Following the termination of the mandate of the Independent Expert on the situation of human rights in Haiti last year - and in compliance with Presidential Statement 34/1 of 3 April 2017 – through the human rights component of MINUSTAH/MINUJUSTH, our Office has been supporting preparation of a plan of action to implement the human rights mechanisms’ recommendations.
Under this framework, we have supported, for instance, trainings for the Inter-ministerial Human Rights Committee and the accreditation process of the national human rights institution. Although after a protracted selection process marked by controversies about the independence and transparency of the process, in October 2017 a new Ombudsman was appointed, which was a welcome development.
However, within the Executive branch the high-level focal point needed to coordinate action on human rights has yet to be appointed. Yet, such leadership is essential for the effective preparation and implementation of a whole-of-government Action Plan. One year after the Human Rights Council called upon the Government of Haiti to take this action, we regret to report a lack of progress in this respect.
Our Office has also continued activities to strengthen the rule of law, including to help address the long-standing issue of pre-trial detention and prison overcrowding, and to promote accountability for human rights violations.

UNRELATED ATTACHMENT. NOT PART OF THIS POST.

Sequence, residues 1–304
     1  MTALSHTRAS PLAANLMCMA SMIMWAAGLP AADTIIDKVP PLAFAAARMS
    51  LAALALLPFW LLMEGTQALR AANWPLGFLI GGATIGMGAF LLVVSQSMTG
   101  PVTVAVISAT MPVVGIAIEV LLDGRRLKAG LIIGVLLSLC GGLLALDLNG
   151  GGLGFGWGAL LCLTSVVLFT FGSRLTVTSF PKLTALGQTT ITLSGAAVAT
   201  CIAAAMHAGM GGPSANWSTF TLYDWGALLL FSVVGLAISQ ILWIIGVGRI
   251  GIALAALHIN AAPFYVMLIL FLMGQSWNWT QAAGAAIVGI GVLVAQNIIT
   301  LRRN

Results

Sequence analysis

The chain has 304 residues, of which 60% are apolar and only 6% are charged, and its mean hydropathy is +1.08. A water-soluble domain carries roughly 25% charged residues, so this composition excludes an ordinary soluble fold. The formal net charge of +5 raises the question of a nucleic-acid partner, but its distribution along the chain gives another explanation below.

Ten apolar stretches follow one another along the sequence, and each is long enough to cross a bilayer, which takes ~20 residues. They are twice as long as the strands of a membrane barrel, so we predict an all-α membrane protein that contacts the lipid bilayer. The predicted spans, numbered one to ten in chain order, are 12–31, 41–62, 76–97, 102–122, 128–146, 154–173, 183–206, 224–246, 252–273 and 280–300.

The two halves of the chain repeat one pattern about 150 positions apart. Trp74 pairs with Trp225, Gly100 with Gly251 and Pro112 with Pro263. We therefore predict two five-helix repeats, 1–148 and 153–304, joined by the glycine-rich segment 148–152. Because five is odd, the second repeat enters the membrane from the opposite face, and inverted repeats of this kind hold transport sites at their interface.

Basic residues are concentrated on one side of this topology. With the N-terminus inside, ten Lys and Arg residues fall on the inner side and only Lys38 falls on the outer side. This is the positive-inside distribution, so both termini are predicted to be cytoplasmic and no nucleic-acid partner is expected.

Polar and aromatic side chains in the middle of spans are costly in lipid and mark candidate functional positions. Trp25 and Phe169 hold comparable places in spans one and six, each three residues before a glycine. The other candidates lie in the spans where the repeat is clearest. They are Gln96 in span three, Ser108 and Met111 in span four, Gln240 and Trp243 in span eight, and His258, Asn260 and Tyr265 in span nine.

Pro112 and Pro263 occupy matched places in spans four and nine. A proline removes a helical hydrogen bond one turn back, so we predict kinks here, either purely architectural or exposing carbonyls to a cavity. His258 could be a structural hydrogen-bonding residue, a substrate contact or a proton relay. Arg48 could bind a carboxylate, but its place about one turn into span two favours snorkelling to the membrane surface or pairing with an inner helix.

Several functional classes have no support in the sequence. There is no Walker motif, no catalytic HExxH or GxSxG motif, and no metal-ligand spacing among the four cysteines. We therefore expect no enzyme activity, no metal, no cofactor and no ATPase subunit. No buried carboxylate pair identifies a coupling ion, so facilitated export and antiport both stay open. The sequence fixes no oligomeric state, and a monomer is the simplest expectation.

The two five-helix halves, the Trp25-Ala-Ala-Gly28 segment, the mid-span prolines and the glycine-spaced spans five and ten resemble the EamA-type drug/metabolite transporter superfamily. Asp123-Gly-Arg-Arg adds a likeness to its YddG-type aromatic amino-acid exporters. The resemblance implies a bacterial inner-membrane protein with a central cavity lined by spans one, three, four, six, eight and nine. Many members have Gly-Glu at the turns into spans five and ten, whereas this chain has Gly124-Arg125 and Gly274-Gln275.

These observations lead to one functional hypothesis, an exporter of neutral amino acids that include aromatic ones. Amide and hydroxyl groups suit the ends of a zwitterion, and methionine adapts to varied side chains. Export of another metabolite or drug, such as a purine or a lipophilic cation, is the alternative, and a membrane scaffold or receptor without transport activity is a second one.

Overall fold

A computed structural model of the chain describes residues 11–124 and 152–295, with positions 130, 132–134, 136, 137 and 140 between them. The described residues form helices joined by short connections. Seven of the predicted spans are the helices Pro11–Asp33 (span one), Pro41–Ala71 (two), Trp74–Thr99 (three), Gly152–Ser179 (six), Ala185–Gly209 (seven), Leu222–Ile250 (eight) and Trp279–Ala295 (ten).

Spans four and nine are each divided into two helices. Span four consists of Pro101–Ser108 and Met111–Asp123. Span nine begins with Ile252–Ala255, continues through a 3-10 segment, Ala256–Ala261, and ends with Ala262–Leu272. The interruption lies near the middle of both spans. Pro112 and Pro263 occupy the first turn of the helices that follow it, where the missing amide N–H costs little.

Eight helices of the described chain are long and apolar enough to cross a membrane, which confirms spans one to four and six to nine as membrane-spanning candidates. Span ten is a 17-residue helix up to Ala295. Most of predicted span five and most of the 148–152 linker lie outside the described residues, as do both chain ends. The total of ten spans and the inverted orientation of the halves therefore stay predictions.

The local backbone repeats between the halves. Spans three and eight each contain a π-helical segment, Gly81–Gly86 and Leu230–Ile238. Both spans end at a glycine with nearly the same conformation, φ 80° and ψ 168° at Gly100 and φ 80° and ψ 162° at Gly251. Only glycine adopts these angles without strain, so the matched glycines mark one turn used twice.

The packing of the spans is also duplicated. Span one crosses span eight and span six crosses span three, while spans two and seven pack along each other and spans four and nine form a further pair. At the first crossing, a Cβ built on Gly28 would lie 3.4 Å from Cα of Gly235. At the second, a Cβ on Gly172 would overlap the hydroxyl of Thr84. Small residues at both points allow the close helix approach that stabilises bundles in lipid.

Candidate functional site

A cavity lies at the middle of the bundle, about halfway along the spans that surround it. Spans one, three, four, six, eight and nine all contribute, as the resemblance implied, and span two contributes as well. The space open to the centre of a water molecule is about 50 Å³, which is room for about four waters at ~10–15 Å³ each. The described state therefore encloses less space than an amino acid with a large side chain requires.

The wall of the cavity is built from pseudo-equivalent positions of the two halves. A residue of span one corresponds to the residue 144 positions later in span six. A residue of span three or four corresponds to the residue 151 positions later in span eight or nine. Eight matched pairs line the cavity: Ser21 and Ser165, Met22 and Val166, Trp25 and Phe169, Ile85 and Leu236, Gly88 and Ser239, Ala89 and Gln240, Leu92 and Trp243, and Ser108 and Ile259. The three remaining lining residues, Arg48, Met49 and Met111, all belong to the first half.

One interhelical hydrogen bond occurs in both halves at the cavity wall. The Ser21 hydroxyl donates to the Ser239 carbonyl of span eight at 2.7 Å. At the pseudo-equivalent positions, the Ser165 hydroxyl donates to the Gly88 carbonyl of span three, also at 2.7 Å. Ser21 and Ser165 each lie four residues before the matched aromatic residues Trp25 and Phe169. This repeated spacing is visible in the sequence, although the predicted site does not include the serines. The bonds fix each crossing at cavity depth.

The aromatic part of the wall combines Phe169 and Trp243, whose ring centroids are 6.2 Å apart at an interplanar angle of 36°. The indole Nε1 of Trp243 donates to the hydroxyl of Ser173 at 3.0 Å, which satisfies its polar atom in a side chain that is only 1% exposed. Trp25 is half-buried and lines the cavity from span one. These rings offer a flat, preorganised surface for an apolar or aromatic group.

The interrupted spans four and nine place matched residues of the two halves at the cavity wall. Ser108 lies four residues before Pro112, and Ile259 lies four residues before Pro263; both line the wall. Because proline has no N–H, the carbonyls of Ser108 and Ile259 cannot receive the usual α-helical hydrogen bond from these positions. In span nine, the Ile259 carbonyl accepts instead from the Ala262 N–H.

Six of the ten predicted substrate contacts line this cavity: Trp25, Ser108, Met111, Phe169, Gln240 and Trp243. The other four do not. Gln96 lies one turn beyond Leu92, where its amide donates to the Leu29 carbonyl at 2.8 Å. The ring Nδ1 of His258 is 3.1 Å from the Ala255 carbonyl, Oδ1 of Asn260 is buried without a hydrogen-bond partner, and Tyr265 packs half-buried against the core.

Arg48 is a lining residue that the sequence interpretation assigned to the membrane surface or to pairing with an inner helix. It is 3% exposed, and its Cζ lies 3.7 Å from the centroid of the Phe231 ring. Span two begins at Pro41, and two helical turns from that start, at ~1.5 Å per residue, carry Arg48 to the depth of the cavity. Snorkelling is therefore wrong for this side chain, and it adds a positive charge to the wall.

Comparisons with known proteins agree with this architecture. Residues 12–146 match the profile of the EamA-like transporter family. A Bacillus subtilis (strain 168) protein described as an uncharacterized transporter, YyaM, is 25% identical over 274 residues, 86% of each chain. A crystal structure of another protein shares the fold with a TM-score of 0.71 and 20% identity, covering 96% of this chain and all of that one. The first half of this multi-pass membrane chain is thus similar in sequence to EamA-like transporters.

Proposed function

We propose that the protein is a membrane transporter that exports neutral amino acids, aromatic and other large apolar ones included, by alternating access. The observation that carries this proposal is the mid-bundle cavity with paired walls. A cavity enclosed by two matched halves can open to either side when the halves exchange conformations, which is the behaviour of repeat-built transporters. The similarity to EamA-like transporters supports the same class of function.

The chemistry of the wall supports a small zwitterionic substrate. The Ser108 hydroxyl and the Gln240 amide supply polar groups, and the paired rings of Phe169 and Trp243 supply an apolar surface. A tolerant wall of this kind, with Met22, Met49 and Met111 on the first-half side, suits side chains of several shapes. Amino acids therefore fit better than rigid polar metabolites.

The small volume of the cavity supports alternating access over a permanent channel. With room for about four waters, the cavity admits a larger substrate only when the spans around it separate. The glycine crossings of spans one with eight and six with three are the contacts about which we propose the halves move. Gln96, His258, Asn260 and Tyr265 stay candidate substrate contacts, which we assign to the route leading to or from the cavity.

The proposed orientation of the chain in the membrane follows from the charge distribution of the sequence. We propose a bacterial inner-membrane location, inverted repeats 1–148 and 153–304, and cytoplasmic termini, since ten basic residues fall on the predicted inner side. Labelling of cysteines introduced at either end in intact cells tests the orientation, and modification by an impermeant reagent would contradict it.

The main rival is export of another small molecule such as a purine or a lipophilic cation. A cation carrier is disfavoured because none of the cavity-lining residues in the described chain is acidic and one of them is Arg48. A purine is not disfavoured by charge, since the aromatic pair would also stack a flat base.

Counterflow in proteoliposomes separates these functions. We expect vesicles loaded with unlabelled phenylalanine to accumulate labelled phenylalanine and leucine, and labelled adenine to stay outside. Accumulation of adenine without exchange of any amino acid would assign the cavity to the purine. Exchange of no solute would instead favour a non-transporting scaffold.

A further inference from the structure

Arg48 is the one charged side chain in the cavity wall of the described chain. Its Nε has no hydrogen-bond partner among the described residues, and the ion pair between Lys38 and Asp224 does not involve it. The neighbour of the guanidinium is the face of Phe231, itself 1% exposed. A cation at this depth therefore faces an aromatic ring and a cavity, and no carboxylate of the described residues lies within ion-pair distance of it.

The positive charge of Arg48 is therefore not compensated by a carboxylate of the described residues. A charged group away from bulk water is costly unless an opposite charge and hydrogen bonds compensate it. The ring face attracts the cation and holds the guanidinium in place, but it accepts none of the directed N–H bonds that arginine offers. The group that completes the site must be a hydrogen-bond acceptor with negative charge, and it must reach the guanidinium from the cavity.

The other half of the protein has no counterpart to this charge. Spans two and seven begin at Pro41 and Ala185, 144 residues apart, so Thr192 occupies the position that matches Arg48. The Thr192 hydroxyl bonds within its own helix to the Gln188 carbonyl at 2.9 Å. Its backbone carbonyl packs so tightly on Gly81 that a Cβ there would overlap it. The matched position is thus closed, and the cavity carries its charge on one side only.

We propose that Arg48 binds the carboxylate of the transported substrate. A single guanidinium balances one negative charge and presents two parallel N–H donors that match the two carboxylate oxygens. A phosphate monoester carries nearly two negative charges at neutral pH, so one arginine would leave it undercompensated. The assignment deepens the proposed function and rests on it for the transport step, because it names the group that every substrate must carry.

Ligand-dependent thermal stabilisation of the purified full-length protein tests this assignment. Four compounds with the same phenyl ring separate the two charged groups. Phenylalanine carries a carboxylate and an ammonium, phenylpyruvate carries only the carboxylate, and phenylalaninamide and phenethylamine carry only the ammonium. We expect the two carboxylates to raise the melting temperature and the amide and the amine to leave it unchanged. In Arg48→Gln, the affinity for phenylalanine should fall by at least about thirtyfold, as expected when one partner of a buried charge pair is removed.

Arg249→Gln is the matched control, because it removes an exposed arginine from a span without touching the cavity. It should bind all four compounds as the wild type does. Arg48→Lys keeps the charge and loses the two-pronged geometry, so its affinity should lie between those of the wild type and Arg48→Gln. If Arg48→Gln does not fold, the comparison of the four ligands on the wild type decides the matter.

We remain gravely concerned about continuing allegations of human rights violations committed by elements of the National Haitian Police. In one of the most serious incidents, in November 2017, members of the National Haitian Police conducted an operation in Grand-Ravine to “neutralize” gang activity. That operation resulted in the killing of at least eight civilians. And, to date, no judicial measures have been taken to hold accountable the members of security forces involved in this tragic incident.
As per the Presidential Statement 34/1, the High Commissioner will submit a written report on the development of a plan of action to implement recommendations of human rights mechanisms at the 38th session of the Human Rights Council, in June 2018.
Our last update concerns the critical human rights situation in Yemen.